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Kiwi scientists reported the possibility of COVID-19 eradication, easier than polio: A new study

Kiwi scientists reported the possibility of COVID-19 eradication, easier than polio: A new study

A new study suggested the possibility of global COVID-19 eradication. Kiwi scientists found that if we beat the poliovirus, we can get rid of COVID-19 possibly. They further added that we probably do not even need to wait for the vaccination of most of the world’s population by doing so. The study was published in the scientific journal BMJ Global Health this Tuesday.

Nick Wilson is the lead author of this study. He is also a public health professor at the University of Otago. According to him, COVID-19 has been eliminated at the country level in most parts of the Asia Pacific region. Furthermore, these countries have also sustained the elimination of COVID-19 for a long time, suggesting the global COVID-19 eradication is possible.  

The difference between the elimination of COVID-19 and eradication

Elimination differs from eradication. So, elimination of infection means a virus would no longer spread in a particular geographical area. Thus it has zero incidences of infection. However, it still has chances of the reestablishment of outbreaks due to disease transmission. Therefore, it requires continued intervention measures. Measles viral infection in New Zealand is an excellent example of the elimination of infection. 

On the other hand, eradicating infection means the virus is extinct in the wild and exists as the naturalized population. According to the International Union for Conservation of Nature, the virus does not grow independently in the natural habitat. As a result, permanent reduction takes place globally with zero incidences of infection. Therefore, it does not require further intervention measures. Smallpox is an example of the eradication of the disease.

Scientists compared COVID-19 eradication with two eradicated viruses

Wilson and colleagues analyzed various factors for the COVID-19 eradication. These factors include the accessibility of effective and safe vaccines, the prospect of lifetime immunity against the virus, the influences of public health actions, effective messages from governments to control this infection, public awareness to protect from virus, concerns about the spreading of infection from private and public sectors, and public acceptance of disease control standards. They ranked COVID-19 with two other viruses, such as smallpox and Polio, previously eradicated.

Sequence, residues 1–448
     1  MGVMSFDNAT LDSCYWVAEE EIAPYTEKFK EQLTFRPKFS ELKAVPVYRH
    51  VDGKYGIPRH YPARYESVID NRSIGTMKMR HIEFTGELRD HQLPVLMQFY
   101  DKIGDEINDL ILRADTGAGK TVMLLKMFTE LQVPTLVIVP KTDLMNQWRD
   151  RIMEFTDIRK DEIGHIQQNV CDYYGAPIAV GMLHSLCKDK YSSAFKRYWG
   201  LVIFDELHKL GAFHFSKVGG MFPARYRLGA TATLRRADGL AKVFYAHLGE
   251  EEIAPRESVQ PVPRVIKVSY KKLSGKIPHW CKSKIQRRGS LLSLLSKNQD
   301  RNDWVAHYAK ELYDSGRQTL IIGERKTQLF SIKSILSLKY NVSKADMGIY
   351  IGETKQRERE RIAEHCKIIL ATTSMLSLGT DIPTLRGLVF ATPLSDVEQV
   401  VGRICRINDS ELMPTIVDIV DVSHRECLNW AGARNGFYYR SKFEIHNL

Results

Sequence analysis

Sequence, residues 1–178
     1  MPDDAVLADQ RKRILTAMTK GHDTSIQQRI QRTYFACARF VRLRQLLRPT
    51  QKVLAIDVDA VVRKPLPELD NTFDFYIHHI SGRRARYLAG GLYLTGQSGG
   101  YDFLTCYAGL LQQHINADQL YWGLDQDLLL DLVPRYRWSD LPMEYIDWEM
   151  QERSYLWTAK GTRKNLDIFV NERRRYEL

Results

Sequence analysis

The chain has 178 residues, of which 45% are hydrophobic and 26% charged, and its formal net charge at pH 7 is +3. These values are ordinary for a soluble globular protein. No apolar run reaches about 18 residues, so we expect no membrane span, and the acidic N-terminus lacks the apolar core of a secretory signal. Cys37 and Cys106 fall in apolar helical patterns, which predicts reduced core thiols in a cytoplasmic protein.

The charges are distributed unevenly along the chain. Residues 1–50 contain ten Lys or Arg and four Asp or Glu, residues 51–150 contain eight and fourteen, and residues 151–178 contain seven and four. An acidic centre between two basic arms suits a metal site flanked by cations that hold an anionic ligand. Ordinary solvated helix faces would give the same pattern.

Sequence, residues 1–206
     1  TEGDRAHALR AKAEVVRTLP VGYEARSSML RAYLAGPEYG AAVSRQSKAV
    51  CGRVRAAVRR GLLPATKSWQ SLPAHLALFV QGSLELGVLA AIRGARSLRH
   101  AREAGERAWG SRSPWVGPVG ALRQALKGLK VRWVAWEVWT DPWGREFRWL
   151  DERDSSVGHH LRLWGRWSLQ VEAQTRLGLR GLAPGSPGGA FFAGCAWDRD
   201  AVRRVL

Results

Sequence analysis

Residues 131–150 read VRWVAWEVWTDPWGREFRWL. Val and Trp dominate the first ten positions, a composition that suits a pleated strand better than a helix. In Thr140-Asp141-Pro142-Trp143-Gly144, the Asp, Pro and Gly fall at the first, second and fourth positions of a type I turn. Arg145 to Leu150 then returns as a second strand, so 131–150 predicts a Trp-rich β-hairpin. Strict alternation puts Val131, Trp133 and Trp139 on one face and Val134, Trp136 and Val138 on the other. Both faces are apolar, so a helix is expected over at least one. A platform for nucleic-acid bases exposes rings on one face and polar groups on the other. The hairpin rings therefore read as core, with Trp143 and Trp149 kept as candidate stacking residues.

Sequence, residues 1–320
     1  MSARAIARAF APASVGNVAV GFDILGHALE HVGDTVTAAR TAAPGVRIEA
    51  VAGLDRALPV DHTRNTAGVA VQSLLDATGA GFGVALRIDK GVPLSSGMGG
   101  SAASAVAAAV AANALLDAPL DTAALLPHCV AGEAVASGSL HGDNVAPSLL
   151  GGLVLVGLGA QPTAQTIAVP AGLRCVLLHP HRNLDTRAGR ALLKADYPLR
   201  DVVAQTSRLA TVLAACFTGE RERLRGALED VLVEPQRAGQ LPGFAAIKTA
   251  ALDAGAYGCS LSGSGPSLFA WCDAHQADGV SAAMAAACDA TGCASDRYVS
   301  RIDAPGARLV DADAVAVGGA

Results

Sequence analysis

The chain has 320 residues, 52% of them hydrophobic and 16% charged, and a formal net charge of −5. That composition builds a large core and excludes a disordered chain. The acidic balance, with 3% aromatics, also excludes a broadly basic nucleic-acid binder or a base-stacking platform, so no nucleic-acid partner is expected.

Eradication of COVID-19 is a little bit easier than poliovirus

Wilson and his team reported poliovirus as the most challenging virus to eradicate from the world among all the three viruses. They ranked this virus with 1.5 scores on the scale. SARS-CoV-2, the original strain of COVID-19, was ranked just behind the poliovirus with a score of 1.6. At the same time, smallpox ranked with a score of 2.7.

Hence, they suggested that COVID-19 eradication appears a little more feasible than the poliovirus. However, it is much less possible than the already eradicated smallpox virus.

What is poliovirus?

Poliomyelitis or Polio is a disabling infectious disease caused by the poliovirus. The virus is contagious and can spread from one person to another. It attacks the spinal cord of an infected person, causing permanent paralysis. As a result, the person cannot move their body parts. This virus primarily infects children who are under five years of age.

Every one child in two hundred cases leads to permanent paralysis. Among those paralyzed cases, five to ten percent of children die after immobilization of their breathing muscles. Fortunately, patients due to wild poliovirus have reduced by more than 99 percent since 1988. According to an estimated value, from nearly 350 000 cases, it became only 33 cases, reported in 2018.

Despite this, children around the globe will remain at risk of contracting Polio as long as even a single child remains infected. Although the cases of Polio have reduced, the virus has not been eradicated till now. It has been reporting 200 000 new cases every year worldwide for ten years.

Symptoms of Polio

Out of a hundred, about seventy-two infected patients with poliovirus are asymptomatic. And out of four, about one infected patient has flu-like symptoms that last 2 to 5 days. These symptoms are as follows:

  1. Sore throat
  2. Fever
  3. Tiredness
  4. Headache
  5. Nausea
  6. Stomach pain

Other severe poliovirus symptoms that affect the spinal cord and brain of an infected person are as follows:

  1. Paresthesia: Feeling of needles and pins pricking sensation on the legs.
  2. Meningitis: Infections of the brain and spinal cord. It appears in only one out of twenty-five poliovirus-infected people.
  3. Paralysis: Weakness in the legs, arms, or both. It appears in about only one patient out of 200 cases with poliovirus infection. It can also cause immobility of the affected body parts.